The Amtrak railroad system uses the Beech Grove Railroad Shops to overhaul and rebuild locomotives and other railroad rolling stock. Once referred to as the “greatest locomotive hospital in the world,” the Beech Grove Railroad Shop covers over 100 acres of former farmland in the community of Beech Grove in southeastern Marion County. It is a major repair facility of the National Railroad Passenger Corporation (Amtrak) and supplies components to other Amtrak maintenance facilities.

A very large, two-story, industrial-looking brick building sits in a large vacant lot.
Beech Grove Railroad Shop, 1912 Credit: W.H. Bass Photo Company Collection, Indiana Historical Society View Source

Between 1906 and 1910, the Big Four Railroad, a major subsidiary of the former New York Central Railroad Company, purchased 640 acres to construct a $5 million multi-building complex primarily for comprehensive repair work on its hundreds of steam locomotives. The locomotives were stripped down and overhauled along an extensive production line stretching throughout the massive facility, with mules providing the temporary locomotion for the ailing machines over this internal rail network. Cottages and businesses sprang up in Beech Grove as workers arrived to build the shops. Beech Grove streets were laid out and named for cities served by the Big Four Railroad—Albany, Buffalo, Cleveland, and Detroit.

Several large structures, some of them providing over 200,000 square feet of floor space, housed the several phases of the locomotive overhaul. In 1910, there were 700 employees at the Beech Grove shop. During World War II, the number of employees reached 5,000. Locomotive repair activity at Beech Grove during the postwar years paralleled the increase and later decrease in the nation’s rail traffic.

A large group of men stand outside of a factory building.
Workers of the Beech Grove Railroad Shop, 1919 Credit: Indiana Historical Society View Source

Ownership of the Beech Grove facility went to the Penn Central Railroad Company in 1971 and four years later to Amtrak on April 1, 1975. A major reason Amtrak officials selected the Beech Grove site was its proximity to Chicago and the many rail lines converging there. This arrangement gave Amtrak’s national “fleet” of locomotives and passenger cars optimum access to repair service. Having acquired a railroad repair complex with many positive features, Amtrak continued to use the equipment from the Big Four Railroad’s ownership. The company also implemented a five-year, $22 million improvement plan at the Beech Grove shop: overhauling diesel locomotives and passenger service rolling stock and modernizing the facility.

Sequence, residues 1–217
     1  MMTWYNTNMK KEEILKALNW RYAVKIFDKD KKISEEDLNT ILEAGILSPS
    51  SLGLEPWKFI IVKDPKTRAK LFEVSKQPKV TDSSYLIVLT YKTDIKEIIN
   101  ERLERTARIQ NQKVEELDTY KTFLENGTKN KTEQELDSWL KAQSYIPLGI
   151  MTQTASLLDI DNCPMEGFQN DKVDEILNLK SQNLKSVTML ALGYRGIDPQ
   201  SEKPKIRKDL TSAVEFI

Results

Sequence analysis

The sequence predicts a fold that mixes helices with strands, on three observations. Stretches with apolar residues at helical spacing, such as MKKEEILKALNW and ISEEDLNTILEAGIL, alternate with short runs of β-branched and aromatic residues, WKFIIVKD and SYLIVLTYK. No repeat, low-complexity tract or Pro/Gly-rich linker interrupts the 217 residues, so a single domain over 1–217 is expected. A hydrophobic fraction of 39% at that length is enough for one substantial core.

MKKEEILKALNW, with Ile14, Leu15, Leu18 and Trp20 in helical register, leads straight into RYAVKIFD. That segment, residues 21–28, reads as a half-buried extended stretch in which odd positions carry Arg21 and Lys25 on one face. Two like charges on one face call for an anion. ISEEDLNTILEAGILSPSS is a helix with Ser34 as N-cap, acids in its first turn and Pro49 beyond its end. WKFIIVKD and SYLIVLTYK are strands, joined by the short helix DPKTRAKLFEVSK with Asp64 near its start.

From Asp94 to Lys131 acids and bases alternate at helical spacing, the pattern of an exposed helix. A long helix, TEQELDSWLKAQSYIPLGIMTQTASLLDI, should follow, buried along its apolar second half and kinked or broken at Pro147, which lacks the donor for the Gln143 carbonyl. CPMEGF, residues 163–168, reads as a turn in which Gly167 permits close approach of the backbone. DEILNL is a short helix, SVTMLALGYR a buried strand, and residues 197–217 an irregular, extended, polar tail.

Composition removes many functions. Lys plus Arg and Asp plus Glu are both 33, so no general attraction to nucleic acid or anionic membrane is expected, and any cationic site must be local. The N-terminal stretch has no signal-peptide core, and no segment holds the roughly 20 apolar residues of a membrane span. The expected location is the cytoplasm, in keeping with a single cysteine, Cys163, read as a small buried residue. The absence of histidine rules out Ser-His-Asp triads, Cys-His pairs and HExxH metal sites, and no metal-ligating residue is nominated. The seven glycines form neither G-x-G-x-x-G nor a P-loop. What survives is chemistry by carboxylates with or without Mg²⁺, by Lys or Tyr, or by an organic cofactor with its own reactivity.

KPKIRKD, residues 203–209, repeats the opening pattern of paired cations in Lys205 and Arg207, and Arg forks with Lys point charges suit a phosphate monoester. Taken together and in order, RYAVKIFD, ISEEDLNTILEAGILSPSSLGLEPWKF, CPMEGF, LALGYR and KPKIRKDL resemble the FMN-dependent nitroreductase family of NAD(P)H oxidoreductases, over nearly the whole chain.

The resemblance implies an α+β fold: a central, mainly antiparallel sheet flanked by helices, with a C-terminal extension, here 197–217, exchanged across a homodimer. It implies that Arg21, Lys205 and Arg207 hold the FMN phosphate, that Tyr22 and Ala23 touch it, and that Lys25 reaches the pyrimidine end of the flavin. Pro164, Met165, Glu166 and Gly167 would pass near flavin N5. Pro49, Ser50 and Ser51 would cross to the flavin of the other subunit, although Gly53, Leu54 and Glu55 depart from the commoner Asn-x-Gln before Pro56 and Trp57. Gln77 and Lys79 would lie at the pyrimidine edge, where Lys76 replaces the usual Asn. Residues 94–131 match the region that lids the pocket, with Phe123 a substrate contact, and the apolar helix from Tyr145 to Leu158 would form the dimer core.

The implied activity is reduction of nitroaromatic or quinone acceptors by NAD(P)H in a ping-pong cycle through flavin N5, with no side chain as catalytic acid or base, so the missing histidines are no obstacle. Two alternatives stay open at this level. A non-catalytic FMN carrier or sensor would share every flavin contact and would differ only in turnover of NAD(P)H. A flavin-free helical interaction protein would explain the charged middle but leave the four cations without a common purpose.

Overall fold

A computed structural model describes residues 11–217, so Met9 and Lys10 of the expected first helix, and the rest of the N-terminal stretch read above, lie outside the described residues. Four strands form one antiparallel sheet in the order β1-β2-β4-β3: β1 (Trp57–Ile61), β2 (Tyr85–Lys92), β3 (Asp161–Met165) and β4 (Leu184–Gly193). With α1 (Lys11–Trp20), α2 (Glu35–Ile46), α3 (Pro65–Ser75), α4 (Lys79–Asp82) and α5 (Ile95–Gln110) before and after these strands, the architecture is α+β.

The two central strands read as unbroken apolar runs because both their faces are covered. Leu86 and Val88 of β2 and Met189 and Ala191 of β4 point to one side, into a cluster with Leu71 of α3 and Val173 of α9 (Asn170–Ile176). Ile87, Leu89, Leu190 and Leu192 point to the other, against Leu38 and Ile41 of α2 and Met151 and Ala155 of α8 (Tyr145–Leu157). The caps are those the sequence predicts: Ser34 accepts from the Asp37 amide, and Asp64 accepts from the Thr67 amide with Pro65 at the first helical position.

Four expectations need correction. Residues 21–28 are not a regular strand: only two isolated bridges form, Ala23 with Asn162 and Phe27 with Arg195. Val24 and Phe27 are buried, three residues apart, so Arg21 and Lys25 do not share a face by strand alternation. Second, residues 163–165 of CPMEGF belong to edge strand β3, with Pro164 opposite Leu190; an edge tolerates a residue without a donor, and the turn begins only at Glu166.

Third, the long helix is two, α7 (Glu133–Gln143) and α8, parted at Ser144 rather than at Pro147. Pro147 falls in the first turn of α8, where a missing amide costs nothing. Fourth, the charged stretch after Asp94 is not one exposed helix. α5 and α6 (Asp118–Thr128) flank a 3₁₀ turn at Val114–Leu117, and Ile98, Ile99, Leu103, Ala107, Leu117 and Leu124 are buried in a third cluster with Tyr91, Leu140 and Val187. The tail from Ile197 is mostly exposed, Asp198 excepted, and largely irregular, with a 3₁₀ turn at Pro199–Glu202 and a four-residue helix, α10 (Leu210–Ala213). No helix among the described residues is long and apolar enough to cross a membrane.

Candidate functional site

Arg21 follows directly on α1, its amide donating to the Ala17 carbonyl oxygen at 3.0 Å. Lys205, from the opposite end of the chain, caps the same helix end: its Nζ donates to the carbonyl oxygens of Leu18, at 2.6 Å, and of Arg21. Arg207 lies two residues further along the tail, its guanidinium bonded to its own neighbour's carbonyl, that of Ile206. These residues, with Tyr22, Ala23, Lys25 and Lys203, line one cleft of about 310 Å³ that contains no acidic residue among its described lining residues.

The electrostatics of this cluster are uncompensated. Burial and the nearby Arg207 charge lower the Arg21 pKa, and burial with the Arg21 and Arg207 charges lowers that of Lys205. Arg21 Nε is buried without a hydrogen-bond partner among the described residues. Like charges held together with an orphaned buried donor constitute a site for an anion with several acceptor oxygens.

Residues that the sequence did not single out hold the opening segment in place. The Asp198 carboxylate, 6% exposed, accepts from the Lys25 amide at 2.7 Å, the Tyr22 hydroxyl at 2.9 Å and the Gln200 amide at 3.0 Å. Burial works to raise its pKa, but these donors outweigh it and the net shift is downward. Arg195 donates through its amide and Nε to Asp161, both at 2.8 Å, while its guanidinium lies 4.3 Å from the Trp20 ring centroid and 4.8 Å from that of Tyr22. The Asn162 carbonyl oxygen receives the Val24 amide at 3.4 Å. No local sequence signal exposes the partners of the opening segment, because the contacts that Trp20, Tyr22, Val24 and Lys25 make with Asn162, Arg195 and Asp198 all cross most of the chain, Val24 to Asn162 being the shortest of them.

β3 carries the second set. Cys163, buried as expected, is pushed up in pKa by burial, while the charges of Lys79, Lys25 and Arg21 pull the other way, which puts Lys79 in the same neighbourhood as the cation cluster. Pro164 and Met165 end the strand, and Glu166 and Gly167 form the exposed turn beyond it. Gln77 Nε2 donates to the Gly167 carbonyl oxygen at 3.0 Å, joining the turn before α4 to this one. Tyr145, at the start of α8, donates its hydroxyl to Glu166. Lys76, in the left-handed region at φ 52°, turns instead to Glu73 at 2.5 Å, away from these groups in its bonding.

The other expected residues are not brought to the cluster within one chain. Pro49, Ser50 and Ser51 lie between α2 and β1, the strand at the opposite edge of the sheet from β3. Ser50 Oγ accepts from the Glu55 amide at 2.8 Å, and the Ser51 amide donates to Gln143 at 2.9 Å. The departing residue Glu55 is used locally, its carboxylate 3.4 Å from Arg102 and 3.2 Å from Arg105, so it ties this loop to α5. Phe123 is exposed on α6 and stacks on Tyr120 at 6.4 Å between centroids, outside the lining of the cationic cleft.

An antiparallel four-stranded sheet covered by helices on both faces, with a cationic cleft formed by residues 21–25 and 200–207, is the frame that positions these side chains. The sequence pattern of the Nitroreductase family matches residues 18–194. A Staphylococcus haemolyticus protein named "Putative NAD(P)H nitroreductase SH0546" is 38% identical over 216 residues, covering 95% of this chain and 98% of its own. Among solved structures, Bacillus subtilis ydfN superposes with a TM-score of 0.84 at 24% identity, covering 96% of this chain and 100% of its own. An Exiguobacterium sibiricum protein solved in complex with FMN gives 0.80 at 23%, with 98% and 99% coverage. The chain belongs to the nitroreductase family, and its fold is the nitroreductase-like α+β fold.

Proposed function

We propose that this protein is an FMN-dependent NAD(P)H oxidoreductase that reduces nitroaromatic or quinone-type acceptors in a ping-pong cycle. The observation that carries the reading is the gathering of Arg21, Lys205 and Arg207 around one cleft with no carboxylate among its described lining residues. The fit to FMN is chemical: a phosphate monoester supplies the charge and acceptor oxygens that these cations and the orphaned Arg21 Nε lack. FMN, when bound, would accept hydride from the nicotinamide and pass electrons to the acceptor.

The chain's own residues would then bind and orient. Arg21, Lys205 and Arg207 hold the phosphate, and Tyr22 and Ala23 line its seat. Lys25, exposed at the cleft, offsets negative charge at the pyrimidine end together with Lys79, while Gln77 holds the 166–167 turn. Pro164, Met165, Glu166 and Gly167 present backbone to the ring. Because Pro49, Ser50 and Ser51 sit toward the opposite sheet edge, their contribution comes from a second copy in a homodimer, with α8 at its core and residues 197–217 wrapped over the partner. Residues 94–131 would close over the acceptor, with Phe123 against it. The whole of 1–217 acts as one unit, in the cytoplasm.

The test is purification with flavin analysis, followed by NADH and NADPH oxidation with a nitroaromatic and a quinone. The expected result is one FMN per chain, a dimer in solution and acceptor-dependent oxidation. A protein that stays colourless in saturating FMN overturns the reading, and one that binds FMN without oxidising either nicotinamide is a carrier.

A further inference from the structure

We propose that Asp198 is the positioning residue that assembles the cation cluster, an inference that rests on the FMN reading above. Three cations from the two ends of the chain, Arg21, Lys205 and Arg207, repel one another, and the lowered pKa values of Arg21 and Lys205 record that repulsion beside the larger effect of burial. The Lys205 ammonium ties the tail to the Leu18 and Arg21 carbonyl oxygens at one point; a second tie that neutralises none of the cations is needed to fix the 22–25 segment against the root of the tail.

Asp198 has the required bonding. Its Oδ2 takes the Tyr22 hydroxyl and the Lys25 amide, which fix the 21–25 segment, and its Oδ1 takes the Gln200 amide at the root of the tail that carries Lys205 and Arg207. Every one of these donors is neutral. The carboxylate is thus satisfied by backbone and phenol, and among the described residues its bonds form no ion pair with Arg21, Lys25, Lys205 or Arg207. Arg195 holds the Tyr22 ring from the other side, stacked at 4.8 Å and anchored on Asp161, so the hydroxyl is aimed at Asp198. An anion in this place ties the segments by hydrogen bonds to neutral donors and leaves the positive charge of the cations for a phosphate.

By the 1980s, Amtrak adopted policies at the Beech Grove shop on reducing energy consumption, reducing air pollution, and improving employee working conditions. The shop also focused on rehabilitation rather than discarding its rolling stock and purchasing new equipment. This saved the company over $600,000 per car. The cycle time required to overhaul equipment completely was 112 days for a diesel locomotive and 70 days for passenger, sleeping, and dining cars.

A row of train cars lined up inside a large warehouse.
Amtrak cars inherited from its predecessor railroads undergoing conversion for head end power at Beech Grove, 1980 Credit: Public domain via Wikimedia Commons View Source

In 1992, the Beech Grove shop serviced 55 diesel locomotives and 185 passenger cars, employed 1,100 workers, and had an operating budget approaching $196 million. In early 1993, however, the shop faced layoffs and a reduction of services due to decreased federal funding for Amtrak.

The American Recovery and Reinvestment Act of 2009 provided grants to the Beech Grove shop that allowed the restoration of  9 Superliner cars and 11 diesel locomotives, helping to expand train capacity and growth in ridership. Despite this growth, the shop had just 550 employees by 2012.

Concerns over job loss continued with the closing of the Hoosier State Line in 2019 due to a lack of state funding. The line previously brought cars from around the country to the Beech Grove yard for repair. Its end resulted in less frequent stops at Beech Grove and so less business and more difficulty in competing for new contracts.

Revised February 2021

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